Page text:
Autism is a neurological and behavioral condition that begins to effect patients as early as three years old. In Canada, autism affects roughly 1 in 88 children. This number is a 78 percent increase from the year 2006. There is currently no cure for autism, but there is extensive research taking place globally for advanced treatments. Help your loved ones with the treatments through the Disability Tax Credit for Autism.
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What is Autism?
Autism is a neurological condition that begins to effect behavior in early childhood. Autistic individuals typically have difficulty relaying and receiving emotions. Patients are often viewed as socially awkward and have difficulty with speech and communication. The need for repetition, whether it is a specific behavioral patter or ritual, is another common feature in patients suffering from autism.
Autistic tendencies can appear in children ages 0-24 months. Here are some facts and behavioral markers:
- Gains language, then loses it or never gains it at all
- Difficult to soothe during tantrums
- Does not “point and look”
- Child has difficulty bonding to parents
- May appear deaf or have difficulty in responding to sound
- Boys are 4 times more likely to be autistic then girls—This can be attributed to genetics. The chromosomal makeup of boys makes them more susceptible to autism.
- Autism is a “spectrum disorder”—Patients can range greatly in their social, behavioral, and neurological skills.
- Treatments, but no “cure”—There are currently many ways to treat autism. Therapies such as bio-medical, sensory, and even art therapy have been shown to be effective in treating autism.
Though there are many and, in some cases, extreme negative aspects to autism, some patients have demonstrated increased in abilities in other areas. Some of these advanced capabilities include perceptual motor skills, reasoning skills, drawing, and music skills. There is a great deal of variance within patients as far as capabilities are concerned. Some patients are unable to communicate at all and respond minimally to stimuli. Others have an above average intelligence, communicate, and go on to live productive lives. The nature of autism is still being understood.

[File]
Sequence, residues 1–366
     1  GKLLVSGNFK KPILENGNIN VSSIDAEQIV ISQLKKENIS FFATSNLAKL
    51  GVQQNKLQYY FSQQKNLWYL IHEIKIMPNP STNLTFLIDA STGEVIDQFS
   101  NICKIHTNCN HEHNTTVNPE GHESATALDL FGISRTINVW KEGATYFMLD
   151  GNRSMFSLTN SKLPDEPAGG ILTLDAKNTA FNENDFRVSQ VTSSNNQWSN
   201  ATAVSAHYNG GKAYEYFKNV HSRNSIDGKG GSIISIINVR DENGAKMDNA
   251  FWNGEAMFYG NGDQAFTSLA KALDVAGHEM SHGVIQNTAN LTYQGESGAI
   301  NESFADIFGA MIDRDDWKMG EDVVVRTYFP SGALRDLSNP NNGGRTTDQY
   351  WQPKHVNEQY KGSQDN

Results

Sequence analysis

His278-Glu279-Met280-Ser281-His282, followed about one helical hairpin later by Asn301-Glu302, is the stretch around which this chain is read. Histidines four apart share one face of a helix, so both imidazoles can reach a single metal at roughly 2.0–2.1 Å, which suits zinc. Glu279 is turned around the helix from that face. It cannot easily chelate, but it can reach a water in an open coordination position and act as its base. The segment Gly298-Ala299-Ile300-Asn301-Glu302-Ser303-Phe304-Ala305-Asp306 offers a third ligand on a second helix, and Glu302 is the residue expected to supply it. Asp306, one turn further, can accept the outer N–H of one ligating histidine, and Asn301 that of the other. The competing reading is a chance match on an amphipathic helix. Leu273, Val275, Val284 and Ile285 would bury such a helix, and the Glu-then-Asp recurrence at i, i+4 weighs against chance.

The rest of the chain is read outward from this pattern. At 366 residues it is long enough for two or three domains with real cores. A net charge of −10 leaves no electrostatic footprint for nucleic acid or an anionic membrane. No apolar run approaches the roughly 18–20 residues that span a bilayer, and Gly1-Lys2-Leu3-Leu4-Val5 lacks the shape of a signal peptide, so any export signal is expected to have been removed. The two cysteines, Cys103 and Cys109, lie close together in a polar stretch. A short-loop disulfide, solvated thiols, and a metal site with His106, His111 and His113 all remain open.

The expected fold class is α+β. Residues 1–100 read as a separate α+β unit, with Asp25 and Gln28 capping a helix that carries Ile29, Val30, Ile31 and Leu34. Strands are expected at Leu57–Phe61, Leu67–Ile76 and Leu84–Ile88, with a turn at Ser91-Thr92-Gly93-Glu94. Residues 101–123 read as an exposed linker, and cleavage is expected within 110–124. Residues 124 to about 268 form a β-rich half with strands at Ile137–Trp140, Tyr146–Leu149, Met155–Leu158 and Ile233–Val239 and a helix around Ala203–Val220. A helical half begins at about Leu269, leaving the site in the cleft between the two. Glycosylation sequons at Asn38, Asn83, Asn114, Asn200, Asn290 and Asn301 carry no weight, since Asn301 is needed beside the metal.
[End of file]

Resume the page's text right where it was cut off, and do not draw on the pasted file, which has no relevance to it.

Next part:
Autism has always been a part of human history. Some believe that there has been an increase in cases of autism due to vaccinations. Others claim that autism rates are on the rise due to a better ability to diagnose the condition. The condition did not receive its own specific name until the 1960s.
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Disability Tax Credit for Autism and Other Support
As scientists gather data and continue to do research on autism, a cure may be possible in the future. Currently, however, there is no cure, due largely to the fact that scientists are unaware as to the cause of the condition. Treatments vary due to the nature of the condition being a spectrum disorder. What works for one patient may have little to no effect on another. Some good news, patients who suffer from autism may qualify for assistance in the form of Disability Tax Credit for Autism.
- ABA (Applied Behavioral Analysis)—Presently, one of the most common forms of behavioral treatment for autism. Works under the principle that behaviors are usually preformed to “make us feel good.”
- Sensory—A type of therapy that changes the stimulus and environment to aid in increasing sensory response.
- Disability Tax Credit for Autism —Autism patients may qualify for disability tax credit from the government of Canada. This credit could be used to assist patients with any therapies or medications that may be required.
Autism is still in the process of being understood. However, the medical community has come a long way in diagnosing and treating the condition in just a few decades. With early diagnosis and the use of a variety of therapies and treatments, patients can live normal and happy lives.